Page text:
July 23, 2017

One Scared Teen

One Scared Teen
Gloria Wandless

Gloria WandlessMy teenage years (13-18) were different from others. At age 13 mother died in an accident which was tragic for her as well as me—my loving supportive mama was gone. The next day Mrs Packey called me aside and asked, “Gloria if someone came to you and posed this question. “If I set you up in a hat shop, and you agreed to do everything the way I tell you, I promise to make your hat shop a great success. Would you do it?” With all of my 13 year old maturity I answered, “of course”. She said, “Gloria that is what God is asking of you…your life is that hat shop.” As the years went by I came to understand what she meant.

I went to live with an aunt which for two years. It was dreadful but at school life was wonderful. I soon learned to be involved at school, and church took me away from the bad situation at home. I had fun times, held offices in four clubs at school and the youth group at church. I refereed basketball and volleyball, attended “Teen Town” weekly, went to all the formal dances, and dated—one fellow for a long time. When he began to talk about what our “married life” would be like I knew that was the end of him. I was 15, he was 18 and graduating; he was serious but scared the bejeebers out of me…that was not the life I wanted.

A few months later my situation at home grew worse and my attorney realized I needed to leave. The next place was different but in other ways, worse. My girlfriend’s mother suggested I go the the YWCA for help; which I did…on my own. Within a week the Y, my lawyer, the president of the bank, a lady who was to become my personal guardian, and the director of the place where I was to live had formulated a plan for me. The plan was rushed through and approved by the court.

I moved to live independently into a huge boarding house called the “Beulah Club.” The “Club” accommodated 100 girls who worked full time and were over 18…all…except me. I was the youngest in the history of the Beulah Club at age 16 to be allowed to live there. I knew how fortunate I was. My first night in my new room I remember being scared but happy. I was determined not to do anything to get put out of this lovely place. The Club had rules; more restricted for me also knowing I had to set rules for myself as well. I remember talking to myself about how I could not have social friends outside of school. I knew, kids do things that cause them to be grounded. For me, I would lose my home.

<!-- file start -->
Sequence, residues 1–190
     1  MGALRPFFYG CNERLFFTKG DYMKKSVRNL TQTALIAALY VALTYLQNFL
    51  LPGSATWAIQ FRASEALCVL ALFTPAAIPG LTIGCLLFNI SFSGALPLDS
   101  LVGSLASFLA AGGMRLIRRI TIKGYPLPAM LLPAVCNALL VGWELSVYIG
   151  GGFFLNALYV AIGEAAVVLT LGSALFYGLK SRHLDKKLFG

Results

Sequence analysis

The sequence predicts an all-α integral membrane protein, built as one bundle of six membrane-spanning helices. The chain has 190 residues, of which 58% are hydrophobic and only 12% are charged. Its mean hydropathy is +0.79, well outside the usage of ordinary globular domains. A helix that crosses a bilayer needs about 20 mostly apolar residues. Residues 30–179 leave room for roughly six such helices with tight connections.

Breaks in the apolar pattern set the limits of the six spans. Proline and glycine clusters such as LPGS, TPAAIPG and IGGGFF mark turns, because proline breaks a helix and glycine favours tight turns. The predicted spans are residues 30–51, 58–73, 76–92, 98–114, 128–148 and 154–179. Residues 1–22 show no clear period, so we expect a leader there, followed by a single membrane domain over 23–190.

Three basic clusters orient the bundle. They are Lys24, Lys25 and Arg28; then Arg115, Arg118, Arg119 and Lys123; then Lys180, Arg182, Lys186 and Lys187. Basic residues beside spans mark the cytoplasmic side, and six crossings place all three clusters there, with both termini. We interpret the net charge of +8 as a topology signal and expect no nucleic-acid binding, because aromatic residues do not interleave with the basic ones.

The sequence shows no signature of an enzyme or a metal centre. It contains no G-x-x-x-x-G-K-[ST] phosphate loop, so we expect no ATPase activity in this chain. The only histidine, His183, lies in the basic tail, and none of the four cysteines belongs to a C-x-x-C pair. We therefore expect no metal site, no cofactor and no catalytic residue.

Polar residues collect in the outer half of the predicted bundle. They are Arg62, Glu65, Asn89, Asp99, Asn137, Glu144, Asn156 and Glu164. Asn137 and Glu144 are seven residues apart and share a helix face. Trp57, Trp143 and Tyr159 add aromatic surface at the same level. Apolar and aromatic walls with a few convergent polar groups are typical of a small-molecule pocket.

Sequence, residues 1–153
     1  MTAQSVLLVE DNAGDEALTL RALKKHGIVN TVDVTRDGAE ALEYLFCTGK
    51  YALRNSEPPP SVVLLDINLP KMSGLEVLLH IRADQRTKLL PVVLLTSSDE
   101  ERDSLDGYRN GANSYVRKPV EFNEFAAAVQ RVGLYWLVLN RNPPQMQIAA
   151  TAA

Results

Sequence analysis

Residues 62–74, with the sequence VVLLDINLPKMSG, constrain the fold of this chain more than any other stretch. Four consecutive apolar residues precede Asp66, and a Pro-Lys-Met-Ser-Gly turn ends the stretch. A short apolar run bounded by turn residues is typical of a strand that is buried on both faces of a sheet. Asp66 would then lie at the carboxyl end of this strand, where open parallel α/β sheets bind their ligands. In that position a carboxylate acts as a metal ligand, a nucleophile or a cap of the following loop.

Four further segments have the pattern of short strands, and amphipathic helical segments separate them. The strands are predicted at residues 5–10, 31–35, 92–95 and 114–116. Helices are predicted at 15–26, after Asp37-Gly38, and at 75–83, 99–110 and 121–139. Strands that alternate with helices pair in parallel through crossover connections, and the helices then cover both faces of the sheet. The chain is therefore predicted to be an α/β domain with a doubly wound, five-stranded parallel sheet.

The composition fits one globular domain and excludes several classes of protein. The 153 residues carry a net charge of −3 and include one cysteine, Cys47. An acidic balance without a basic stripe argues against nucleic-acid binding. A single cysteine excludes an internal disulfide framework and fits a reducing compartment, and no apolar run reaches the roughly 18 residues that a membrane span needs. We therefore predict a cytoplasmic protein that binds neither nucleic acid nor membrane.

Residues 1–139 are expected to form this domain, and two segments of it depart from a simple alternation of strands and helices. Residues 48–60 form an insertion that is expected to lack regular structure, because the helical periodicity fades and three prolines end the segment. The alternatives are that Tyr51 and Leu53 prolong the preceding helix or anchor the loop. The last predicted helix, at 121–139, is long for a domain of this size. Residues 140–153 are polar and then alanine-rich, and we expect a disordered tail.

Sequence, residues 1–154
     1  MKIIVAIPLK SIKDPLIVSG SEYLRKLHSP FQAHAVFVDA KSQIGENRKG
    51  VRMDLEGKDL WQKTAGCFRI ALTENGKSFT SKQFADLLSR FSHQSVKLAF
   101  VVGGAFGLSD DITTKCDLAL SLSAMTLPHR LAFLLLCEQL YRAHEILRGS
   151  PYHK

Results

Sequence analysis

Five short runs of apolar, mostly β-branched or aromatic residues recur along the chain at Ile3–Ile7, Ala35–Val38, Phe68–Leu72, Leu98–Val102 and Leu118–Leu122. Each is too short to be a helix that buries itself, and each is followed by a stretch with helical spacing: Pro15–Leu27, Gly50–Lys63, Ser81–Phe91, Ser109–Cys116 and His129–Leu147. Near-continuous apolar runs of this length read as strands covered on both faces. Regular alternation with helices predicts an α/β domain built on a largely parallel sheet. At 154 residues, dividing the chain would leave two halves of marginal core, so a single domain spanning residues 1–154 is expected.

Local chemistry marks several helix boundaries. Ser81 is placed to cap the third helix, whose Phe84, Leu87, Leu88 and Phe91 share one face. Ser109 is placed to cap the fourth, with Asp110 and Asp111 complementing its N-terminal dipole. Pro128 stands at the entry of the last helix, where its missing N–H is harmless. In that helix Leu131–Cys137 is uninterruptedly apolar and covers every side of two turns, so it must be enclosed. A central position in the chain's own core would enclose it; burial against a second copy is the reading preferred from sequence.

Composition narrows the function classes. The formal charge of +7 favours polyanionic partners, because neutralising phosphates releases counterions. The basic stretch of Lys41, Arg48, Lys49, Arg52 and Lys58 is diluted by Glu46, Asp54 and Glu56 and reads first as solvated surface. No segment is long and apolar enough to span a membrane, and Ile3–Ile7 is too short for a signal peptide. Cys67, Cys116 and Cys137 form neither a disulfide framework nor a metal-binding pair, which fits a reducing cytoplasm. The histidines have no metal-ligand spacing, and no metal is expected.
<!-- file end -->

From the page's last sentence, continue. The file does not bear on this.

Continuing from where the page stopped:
The women I lived with became my friends. I stepped into the adult world; watching and listening. My friends were mostly teachers. I lived with my tutors, learned to apply make-up from Miss Illinois, learned fashion, grooming, etiquette, and manners from the professional women with whom I shared the dinner table. The table talk was about their lives, the world. I was a sponge absorbing all around me. I had no one to boss me, no one to tell me to take a bath, get up or go to bed, do my homework, buy my clothes, pay my bills, do my laundry, I set the rules for myself and did it all. I had a job, went to school, and church on Sunday…did the right thing and learned a LOT. Watching the results of bad choices that was wrecking lives of some around me. I learned from their mistakes.

I was choosing my path in life…talking to God for the answers to questions as there was no one else to ask and getting answers. Mrs Packey’s question posed to me at 13 made sense. My life was going good, my hat shop was succeeding. I was “reared” by the hand of God in many ways. I was fortunate…so we began a lifelong dialogue.

Some people call it prayer.

I had become close to the grandma that lived next door to the Club. Shortly after I turned 18, her granddaughter married. Grandma asked me to move into her room—I had a family, a grandma, 2 brothers, a mom and a dad and a dog. Life was good; now an adult at the end of my teenage years. Teen years that were different from most but wonderfully rich and happy in many ways.